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Three basic methods of protection from chemical hazards exist: engineering controls, personal protective equipment, and administrative controls. Engineering controls are systems and equipment designed to prevent or decrease contact with a chemical. Examples include chemical fume hoods, ventilation fans, and secondary containers. Personal protective equipment (PPE) is protective clothing that is resistant to specific chemicals and acts as a barrier between the wearer and the chemical he or she is handling. Administrative controls are limitations imposed by supervisors to ensure exposures are minimized or eliminated. The supervisor is responsible for ensuring that appropriate controls are in place and used. EH&S should be consulted as needed.

3.1 Engineering Controls

Engineering controls are considered the most effective form of exposure control. Before beginning a process or procedure, consider engineering controls that will decrease chemical exposure or risk of harm.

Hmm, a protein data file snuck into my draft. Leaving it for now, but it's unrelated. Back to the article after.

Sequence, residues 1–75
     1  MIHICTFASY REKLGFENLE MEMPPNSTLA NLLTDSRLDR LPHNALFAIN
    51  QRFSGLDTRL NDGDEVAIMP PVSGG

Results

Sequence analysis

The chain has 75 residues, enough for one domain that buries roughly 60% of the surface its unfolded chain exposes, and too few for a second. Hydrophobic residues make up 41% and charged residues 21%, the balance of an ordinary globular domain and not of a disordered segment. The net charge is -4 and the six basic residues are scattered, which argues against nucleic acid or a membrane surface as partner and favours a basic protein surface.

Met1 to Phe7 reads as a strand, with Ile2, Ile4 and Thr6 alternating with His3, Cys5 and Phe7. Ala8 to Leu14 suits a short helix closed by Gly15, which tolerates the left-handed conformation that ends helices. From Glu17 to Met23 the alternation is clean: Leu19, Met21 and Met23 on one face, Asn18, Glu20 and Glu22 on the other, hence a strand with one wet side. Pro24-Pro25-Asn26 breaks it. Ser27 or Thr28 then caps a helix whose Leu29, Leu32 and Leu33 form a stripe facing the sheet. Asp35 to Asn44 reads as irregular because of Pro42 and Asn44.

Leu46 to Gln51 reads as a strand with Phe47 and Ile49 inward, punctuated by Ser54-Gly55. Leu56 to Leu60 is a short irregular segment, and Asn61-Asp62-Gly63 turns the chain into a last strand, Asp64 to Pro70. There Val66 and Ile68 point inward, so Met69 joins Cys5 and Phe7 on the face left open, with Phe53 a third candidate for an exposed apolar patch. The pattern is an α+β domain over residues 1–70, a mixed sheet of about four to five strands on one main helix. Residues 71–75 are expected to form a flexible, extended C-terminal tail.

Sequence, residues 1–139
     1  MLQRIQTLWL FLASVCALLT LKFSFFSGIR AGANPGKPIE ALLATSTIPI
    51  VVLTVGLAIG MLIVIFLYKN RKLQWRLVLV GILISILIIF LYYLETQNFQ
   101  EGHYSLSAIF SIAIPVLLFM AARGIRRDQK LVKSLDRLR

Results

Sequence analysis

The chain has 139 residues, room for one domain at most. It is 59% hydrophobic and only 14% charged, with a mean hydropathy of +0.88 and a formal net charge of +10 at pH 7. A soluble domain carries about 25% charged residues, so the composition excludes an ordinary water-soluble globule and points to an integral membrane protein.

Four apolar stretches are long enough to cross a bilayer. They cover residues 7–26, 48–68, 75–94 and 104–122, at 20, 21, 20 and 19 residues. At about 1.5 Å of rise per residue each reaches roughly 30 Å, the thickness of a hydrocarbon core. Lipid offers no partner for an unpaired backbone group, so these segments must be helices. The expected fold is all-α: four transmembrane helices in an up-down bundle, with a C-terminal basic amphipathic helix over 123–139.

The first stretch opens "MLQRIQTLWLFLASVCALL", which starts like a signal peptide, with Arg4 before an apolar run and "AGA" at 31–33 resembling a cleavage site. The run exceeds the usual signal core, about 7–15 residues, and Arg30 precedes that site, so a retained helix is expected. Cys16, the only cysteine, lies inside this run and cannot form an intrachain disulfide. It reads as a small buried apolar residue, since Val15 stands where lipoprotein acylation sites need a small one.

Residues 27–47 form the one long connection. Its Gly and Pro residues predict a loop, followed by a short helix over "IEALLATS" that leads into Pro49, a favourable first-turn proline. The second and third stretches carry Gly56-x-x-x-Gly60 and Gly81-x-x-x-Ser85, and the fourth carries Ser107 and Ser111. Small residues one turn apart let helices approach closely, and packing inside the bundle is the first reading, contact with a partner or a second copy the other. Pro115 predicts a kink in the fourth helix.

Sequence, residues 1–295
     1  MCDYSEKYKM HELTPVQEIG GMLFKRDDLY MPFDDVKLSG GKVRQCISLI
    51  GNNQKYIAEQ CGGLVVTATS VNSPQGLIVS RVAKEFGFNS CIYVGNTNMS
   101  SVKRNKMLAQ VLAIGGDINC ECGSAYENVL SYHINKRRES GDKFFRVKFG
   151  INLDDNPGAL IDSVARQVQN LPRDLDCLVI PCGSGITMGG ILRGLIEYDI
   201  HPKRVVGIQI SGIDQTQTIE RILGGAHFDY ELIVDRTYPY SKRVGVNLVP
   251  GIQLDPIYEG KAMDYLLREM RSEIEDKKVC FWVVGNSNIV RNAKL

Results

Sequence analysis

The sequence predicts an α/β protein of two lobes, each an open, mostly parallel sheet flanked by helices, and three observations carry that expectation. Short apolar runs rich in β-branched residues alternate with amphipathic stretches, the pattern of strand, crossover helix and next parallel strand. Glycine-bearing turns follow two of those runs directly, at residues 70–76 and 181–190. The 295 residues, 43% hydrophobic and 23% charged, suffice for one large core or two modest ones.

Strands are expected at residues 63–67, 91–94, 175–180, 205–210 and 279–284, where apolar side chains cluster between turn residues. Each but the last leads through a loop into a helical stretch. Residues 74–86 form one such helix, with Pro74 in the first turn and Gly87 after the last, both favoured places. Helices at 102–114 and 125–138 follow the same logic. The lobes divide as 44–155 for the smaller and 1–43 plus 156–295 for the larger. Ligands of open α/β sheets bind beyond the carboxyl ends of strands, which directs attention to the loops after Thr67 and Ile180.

Examples include grounding and bonding when transferring flammable liquids; using exhaust ventilation to decrease vapor concentration when using a volatile chemical; and storing hazardous chemicals in cabinets according to hazard class.

3.2 Personal Protective Equipment (PPE)

PPE should be worn for protection from hazardous chemicals whenever contact is possible. PPE includes: gloves, safety glasses, face shields, Tyvek suits, labcoats, etc. The use of powdered latex gloves is prohibited.

A respirator should only be used while engineering controls are being installed or upgraded, or when engineering controls are not a feasible option. If respirators are deemed necessary, EH&S must be contacted to determine the correct respirator and provide fit testing, training, and medical screening for users.

PPE must be selected according to the chemical hazard involved. Additional information on PPE is available in Chapter III, Laboratory Chemical Hygiene.

3.3 Administrative Controls

Administrative controls should be used to limit exposure durations. The most common example of administrative control is rotation of workers to minimize the length of time a worker is exposed to a certain chemical. This form of control should only be used under well-documented conditions and after engineering controls have first been considered or used.